Crime Defense National Security News South America

Luis Sánchez: Mexico Finds Murdered Journalist’s Body in Nayarit

The body of a correspondent for one of Mexico’s leading newspapers has been found in the western state of Nayarit, days after he was reported missing.

Luis Martín Sánchez Íñiguez, 59, worked for La Jornada and had been missing since Wednesday.

His death is being treated as murder linked to his work, in one of the most dangerous countries for journalists.

Mr Sánchez is one of three journalists to have been abducted in the state in recent days.

His body was found on Saturday in the village of El Ahuacate near the city of Tepic, the public prosecutor’s office said – a day after his wife filed a missing person’s report.

Two messages were attached to his chest, but the authorities have not revealed what they said.

It is thought Mr Sánchez was killed between 24 and 48 hours before his body was found.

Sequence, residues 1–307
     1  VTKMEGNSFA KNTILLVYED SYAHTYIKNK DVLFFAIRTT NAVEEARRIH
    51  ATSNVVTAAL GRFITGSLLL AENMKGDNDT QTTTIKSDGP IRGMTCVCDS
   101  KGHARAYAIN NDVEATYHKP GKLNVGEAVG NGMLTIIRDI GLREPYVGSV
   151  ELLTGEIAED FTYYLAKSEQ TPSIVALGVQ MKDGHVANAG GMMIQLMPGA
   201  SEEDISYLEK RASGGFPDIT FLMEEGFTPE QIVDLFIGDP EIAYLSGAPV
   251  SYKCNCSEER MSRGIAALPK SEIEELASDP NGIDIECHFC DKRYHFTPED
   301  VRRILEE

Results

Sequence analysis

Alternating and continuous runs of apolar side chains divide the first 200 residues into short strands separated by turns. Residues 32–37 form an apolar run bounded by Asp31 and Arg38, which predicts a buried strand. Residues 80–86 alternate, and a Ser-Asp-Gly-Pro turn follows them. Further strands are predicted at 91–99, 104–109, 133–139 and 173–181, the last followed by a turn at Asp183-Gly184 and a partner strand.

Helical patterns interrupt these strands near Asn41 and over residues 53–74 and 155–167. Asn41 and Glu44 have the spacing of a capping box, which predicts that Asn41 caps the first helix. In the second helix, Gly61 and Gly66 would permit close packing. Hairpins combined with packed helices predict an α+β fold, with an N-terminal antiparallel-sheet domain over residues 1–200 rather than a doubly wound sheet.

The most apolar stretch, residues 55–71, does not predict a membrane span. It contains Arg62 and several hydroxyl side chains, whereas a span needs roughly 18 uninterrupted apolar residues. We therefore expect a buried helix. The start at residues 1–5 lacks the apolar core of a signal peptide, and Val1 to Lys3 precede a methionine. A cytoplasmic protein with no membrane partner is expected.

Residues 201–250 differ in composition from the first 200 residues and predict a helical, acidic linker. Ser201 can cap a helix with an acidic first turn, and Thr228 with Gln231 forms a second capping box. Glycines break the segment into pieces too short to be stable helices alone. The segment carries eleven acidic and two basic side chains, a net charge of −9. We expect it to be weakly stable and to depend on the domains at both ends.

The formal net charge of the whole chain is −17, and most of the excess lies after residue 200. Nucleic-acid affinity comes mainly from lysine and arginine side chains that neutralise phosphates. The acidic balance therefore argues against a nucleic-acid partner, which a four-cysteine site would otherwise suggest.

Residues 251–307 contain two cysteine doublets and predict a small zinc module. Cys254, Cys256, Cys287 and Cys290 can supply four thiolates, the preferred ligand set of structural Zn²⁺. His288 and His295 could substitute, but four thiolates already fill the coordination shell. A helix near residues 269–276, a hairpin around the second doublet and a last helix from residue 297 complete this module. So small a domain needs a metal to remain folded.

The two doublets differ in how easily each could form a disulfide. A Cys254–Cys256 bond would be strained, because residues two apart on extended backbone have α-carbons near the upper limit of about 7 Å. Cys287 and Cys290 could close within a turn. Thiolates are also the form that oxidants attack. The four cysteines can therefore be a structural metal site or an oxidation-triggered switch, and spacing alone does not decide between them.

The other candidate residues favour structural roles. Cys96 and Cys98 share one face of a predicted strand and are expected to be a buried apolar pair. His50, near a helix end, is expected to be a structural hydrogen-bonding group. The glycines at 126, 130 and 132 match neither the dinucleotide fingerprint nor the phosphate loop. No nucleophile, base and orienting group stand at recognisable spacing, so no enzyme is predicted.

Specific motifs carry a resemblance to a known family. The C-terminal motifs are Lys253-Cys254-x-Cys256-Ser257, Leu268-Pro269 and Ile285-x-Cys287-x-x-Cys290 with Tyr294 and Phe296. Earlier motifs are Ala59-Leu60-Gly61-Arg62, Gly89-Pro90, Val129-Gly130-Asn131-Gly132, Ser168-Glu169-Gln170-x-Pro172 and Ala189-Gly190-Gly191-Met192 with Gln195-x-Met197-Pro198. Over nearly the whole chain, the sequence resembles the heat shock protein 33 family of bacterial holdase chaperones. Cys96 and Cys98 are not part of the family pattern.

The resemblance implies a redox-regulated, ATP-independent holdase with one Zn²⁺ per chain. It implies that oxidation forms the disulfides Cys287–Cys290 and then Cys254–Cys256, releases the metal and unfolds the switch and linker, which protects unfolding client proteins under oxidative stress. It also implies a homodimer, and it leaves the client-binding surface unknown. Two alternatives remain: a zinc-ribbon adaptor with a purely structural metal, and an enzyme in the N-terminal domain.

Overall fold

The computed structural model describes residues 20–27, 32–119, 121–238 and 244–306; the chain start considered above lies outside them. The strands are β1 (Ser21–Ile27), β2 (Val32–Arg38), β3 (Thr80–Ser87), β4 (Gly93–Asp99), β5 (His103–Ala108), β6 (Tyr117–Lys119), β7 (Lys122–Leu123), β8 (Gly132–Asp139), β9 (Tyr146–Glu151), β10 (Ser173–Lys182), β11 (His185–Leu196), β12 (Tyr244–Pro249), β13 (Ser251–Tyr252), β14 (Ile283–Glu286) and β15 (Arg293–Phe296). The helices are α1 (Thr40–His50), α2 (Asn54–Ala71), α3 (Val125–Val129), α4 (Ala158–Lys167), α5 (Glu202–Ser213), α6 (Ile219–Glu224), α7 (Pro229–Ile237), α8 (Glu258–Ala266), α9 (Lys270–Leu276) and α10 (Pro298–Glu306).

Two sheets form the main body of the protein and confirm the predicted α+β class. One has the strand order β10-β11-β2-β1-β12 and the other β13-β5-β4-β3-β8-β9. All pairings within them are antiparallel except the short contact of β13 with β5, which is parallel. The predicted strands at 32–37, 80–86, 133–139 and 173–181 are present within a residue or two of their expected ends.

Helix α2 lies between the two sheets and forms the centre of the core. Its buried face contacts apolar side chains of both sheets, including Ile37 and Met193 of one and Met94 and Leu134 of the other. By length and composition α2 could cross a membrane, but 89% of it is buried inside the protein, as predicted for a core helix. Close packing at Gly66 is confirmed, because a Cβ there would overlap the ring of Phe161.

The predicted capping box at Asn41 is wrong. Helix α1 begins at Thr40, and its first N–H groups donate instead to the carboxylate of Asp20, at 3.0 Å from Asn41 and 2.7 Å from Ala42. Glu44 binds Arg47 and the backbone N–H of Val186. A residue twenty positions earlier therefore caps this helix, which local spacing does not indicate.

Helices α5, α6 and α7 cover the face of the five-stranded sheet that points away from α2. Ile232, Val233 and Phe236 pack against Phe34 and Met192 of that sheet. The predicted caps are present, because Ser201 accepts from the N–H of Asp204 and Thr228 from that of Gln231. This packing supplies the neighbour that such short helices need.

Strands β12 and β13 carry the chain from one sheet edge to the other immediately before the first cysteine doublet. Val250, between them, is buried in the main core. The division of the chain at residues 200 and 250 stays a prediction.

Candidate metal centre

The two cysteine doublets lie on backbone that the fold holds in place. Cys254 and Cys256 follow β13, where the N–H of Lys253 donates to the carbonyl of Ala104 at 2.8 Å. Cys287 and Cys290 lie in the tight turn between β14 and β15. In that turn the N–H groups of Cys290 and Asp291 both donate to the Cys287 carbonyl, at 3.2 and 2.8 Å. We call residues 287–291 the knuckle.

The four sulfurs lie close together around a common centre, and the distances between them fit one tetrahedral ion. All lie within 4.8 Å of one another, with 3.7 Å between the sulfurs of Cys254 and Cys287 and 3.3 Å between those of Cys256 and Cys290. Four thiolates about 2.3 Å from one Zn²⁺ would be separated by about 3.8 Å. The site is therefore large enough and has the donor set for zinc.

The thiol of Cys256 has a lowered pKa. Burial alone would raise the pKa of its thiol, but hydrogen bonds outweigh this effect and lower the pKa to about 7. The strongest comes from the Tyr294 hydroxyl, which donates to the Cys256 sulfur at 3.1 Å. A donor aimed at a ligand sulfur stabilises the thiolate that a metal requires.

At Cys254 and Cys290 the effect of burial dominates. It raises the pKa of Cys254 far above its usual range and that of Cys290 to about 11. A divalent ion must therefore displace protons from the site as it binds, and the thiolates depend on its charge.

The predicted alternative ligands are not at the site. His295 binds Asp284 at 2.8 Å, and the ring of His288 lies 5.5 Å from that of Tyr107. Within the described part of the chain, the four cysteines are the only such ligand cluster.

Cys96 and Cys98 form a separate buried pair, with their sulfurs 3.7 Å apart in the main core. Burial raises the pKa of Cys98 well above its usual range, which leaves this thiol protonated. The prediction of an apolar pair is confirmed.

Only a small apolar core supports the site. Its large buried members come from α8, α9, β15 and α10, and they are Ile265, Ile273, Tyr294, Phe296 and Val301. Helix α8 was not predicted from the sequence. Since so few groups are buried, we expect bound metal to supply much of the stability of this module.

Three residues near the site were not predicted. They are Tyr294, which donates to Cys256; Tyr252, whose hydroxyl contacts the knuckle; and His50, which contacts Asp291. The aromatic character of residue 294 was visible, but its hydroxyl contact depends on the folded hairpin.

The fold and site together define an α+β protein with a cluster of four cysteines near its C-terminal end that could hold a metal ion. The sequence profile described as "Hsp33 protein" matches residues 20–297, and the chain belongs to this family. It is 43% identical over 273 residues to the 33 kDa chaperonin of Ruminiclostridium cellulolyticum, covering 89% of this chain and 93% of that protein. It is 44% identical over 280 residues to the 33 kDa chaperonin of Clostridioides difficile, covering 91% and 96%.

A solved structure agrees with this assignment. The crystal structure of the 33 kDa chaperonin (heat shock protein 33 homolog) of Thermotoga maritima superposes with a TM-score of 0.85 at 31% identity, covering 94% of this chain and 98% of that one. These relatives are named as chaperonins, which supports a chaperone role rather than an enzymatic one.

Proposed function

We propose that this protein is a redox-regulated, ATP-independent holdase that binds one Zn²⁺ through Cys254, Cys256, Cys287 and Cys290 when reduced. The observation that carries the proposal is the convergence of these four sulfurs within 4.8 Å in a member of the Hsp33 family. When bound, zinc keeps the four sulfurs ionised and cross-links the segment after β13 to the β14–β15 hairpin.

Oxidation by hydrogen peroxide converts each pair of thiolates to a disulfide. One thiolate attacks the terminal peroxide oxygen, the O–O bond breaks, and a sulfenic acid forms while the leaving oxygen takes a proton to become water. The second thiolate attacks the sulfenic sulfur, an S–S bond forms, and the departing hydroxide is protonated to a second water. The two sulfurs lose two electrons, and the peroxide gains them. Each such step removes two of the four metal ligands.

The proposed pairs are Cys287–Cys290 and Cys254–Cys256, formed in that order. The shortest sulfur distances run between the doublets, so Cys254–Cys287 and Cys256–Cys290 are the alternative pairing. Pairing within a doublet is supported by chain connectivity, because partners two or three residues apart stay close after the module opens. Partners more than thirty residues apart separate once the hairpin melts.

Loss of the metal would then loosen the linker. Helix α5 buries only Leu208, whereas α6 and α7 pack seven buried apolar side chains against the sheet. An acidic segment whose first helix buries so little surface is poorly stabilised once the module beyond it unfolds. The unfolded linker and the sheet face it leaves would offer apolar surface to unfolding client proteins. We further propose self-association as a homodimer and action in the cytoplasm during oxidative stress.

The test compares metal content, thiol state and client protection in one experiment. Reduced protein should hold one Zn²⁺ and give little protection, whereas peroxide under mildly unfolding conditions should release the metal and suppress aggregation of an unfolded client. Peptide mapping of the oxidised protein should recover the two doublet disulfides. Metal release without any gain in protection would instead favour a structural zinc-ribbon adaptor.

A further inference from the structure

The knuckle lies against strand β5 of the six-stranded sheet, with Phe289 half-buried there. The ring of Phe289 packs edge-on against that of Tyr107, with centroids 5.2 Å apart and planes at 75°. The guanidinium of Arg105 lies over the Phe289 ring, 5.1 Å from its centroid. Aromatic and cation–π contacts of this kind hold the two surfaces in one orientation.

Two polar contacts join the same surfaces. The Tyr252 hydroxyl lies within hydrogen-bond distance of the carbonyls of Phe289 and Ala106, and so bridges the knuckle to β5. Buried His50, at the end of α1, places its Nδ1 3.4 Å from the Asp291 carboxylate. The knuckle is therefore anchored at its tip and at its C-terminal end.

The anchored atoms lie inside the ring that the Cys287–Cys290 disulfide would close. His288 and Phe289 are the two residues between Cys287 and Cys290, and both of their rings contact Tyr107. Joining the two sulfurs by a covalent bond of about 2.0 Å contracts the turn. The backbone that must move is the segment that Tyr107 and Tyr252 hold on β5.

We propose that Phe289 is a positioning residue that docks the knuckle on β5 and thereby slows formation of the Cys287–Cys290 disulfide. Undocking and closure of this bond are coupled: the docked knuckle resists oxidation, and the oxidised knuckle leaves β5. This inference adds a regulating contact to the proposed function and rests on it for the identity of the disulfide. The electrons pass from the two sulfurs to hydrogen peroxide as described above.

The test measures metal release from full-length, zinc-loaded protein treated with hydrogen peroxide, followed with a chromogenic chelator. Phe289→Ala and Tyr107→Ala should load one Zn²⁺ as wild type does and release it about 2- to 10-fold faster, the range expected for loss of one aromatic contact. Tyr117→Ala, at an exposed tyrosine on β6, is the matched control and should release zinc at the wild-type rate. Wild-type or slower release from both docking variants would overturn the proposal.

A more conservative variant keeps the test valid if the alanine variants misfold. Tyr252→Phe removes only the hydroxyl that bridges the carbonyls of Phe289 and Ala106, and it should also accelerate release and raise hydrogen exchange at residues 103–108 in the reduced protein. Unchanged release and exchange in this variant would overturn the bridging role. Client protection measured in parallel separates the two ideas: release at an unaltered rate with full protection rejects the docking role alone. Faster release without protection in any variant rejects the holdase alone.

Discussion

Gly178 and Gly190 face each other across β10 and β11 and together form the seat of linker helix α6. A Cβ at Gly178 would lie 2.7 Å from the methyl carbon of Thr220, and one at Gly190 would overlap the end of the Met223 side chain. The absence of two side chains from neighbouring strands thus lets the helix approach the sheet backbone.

His disappearance came a day after a teacher and former reporter went missing on his way to work. The whereabouts of the man, named as Osiris, remain unknown.

The third person to go missing was a man named Jonathan, who the authorities said was abducted on Friday but was later found alive and “in a good state of health”.

Mr Sánchez’s death has sparked outrage both in Mexico and internationally. The Mexican Commission for the Defense and Promotion of Human Rights has called for the authorities to clarify what happened.

“We demand justice for the Mexican journalists!” the group wrote on social media.

The Americas branch of the Committee to Protect Journalists is among the other rights groups that have also condemned the killing.

Mr Sánchez is not the first journalist to be targeted in Mexico this year.

José Ramiro Araujo, a news photographer, was killed in the northern state of Baja California in February. La Jornada said at least four other people have also been murdered.

Press freedom organisations have consistently ranked Mexico as one of the most dangerous countries for journalists to work.

Many of those targeted covered corruption or powerful drug cartels and campaigners say the killings are rarely fully investigated

Nearly 150 journalists have been murdered there since 2000, according to the international advocacy group Reporters Without Borders.

Source : BBC